Agricola, John

, a Saxon divine, born at Isleben, April 20, 1492, was an eminent doctor of the Lutheran church, though chargeable with vanity, presumption, and artifice. Bayle gives rather a confused account of his life, from which, however, it appears that he made himself distinguished in 1538, upon the following occasion. Luther, in the course of his ministry, was insisting upon the necessity of imprinting deeply in the minds of the people, that doctrine of the gospel, which represents Christ’s merits as the source of man’s salvation; and while he was eagerly employed in censuring and refuting the popish doctors, who mixed the law and the gospel together, and | represented eternal happiness as die-fruit of legal obedience, Agricola took an opportunity to declaim against the law, maintaining that it was neither fit to be proposed to the people as a rule of manners, nor to be used in the church as a means of instruction; and that the gospel alone was to be inculcated and explained both in the churches and in the schools of learning. This was the foundation of the sect of Antinomians, who appeared in England during the usurpation of Cromwell, and carried their extravagant doctrines to a higher pitch than this Agricola. But the fortitude, vigilance, and credit of Luther suppressed the followers of Agricola for the present; and Agricola himself, intimidated by the opposition of so powerful an adversary, acknowledged and renounced his system. His recantation, however, does not seem to have been sincere, since we are told that, when his fears were dispelled by the death of Luther, he returned to his errors, and gained many proselytes. Still it has been pleaded on the part of Agricola, by Mosheim, that the full extravagance of Antinomianisra is not to be attributed to him, and that his principal fault lay in some harsh and inaccurate expressions, that were susceptible of dangerous and pernicious interpretations. If therefore, we follow the intention of Agricola, without interpreting, in a rigorous manner, the uncouth phrases and improper expressions he so frequently and so injudiciously employed, his doctrine, Mosheim thinks, will plainly amount to this; “That the ten commandments, published during the ministry of Moses, were chiefly designed for the Jews, and on that account might be lawfully neglected and laid aside by Christians; and that it was sufficient to explain with perspicuity, and to enforce with zeal, what Christ and his apostles had taught in the New Testament, both with respect to the means of grace and salvation, and the obligations of repentance and virtue.” He died at Berlin in 1566.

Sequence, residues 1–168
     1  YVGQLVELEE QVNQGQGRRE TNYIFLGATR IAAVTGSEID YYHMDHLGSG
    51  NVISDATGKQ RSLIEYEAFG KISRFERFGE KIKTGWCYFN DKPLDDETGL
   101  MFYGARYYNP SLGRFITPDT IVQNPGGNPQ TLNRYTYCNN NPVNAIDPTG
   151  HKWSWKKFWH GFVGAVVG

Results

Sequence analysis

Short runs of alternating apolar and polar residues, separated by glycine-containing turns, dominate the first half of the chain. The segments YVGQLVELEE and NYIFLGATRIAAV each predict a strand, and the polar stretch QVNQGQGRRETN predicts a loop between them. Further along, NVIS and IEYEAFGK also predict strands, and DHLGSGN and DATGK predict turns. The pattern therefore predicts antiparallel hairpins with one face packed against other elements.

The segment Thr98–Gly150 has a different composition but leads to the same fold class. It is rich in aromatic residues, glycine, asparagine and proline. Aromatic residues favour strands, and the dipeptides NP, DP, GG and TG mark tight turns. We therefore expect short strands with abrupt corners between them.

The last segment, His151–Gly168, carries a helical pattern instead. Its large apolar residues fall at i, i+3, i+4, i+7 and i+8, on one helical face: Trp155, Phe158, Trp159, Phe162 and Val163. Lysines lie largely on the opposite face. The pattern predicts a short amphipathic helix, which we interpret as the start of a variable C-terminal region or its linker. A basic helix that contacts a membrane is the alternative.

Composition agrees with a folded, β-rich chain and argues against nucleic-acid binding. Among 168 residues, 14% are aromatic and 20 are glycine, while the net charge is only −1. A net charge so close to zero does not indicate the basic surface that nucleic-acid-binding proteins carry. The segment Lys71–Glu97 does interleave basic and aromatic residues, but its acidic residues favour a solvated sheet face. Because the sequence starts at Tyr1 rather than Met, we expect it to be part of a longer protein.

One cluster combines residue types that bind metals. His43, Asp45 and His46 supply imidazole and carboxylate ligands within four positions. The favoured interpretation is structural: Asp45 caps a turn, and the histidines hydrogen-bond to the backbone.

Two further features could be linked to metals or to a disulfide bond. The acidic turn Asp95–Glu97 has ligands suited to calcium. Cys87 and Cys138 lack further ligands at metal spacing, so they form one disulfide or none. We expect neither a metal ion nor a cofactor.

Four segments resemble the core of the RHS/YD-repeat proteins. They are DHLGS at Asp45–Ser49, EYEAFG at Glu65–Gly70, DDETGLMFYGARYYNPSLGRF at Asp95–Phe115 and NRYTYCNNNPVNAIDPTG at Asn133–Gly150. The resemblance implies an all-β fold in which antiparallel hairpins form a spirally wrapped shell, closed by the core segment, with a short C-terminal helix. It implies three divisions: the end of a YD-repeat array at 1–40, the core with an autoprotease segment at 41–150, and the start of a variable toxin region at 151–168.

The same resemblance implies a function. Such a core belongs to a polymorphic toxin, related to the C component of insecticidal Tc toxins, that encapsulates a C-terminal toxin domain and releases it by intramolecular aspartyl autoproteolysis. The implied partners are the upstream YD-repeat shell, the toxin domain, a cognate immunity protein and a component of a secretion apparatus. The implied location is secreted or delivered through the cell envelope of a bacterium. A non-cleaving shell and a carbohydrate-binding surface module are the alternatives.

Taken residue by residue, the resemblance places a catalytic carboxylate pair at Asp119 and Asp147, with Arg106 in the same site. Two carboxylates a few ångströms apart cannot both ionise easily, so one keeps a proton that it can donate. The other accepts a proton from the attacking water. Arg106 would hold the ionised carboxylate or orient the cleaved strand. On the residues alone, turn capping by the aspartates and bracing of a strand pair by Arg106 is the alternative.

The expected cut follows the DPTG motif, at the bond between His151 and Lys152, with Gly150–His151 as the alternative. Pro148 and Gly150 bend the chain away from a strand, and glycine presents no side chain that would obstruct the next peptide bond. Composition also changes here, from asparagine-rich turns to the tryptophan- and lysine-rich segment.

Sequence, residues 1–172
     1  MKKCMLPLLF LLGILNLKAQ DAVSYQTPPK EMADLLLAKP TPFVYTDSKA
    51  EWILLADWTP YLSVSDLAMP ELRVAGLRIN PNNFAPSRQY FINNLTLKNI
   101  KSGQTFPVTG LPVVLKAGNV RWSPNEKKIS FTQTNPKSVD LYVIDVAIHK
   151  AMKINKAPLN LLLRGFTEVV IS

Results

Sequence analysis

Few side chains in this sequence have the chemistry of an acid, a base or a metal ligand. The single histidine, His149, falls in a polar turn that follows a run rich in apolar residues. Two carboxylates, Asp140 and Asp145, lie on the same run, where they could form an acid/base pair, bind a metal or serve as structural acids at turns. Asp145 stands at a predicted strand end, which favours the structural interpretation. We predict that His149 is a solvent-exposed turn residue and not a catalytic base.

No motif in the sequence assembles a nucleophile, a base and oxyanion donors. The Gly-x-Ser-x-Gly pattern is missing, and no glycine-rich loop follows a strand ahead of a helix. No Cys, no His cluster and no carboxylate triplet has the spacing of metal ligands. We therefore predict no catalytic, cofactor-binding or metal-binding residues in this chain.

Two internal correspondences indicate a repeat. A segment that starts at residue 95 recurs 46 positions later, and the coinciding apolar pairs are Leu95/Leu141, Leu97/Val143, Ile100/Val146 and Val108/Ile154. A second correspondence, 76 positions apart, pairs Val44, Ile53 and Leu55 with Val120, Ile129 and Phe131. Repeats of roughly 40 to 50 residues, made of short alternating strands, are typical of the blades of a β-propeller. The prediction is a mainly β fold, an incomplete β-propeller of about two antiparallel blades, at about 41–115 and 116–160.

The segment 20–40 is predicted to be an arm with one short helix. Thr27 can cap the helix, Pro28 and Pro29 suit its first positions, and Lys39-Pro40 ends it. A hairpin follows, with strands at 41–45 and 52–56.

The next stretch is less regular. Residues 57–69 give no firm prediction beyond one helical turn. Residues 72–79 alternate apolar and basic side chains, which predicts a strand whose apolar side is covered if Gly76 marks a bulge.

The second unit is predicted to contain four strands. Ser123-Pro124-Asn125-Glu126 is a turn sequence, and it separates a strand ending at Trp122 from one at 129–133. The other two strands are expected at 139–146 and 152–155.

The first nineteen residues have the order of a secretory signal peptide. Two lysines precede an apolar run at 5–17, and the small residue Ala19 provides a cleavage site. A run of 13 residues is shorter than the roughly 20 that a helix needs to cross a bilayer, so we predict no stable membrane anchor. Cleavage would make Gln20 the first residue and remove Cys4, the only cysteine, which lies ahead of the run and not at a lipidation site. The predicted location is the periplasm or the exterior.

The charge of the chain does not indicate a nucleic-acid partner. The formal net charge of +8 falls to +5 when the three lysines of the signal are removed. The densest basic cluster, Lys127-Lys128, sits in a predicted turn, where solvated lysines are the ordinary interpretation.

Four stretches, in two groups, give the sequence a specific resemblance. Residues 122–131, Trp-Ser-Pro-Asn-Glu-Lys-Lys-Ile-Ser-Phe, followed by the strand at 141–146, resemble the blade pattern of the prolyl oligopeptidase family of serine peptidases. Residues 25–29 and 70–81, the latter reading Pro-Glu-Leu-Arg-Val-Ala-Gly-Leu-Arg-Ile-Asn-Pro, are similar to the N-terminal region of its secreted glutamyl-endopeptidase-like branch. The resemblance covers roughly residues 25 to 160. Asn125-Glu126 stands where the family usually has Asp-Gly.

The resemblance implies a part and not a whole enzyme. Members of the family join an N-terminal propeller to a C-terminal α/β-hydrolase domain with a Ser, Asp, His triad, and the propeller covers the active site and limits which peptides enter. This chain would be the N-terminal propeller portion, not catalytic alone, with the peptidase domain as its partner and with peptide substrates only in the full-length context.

Agricola wrote but few books. The first was “An explanation of three hundred German Proverbs;” and in a second edition he added another hundred. He wrote also “Commentaries upon St. Luke,” 8vo, and confuted the explication of the nineteenth Psalm, published in High Dutch, by Thomas Muncer. He was likewise concerned with Julius Pelugius, bishop of Naumburg, and Michael Sidonius, or Heldingus, by desire of the emperor Charles V. in drawing up a formulary, which might serve as a rule | of faith and worship to the contending parties of Protestants and Papists, until a council should be summoned: this is well known in ecclesiastical history by the name of the Interim, and was opposed by many of the reformers.1


Gen. Dict. —Mosheim’s Ecclesiastical History. —Melchior Adam.Moreri.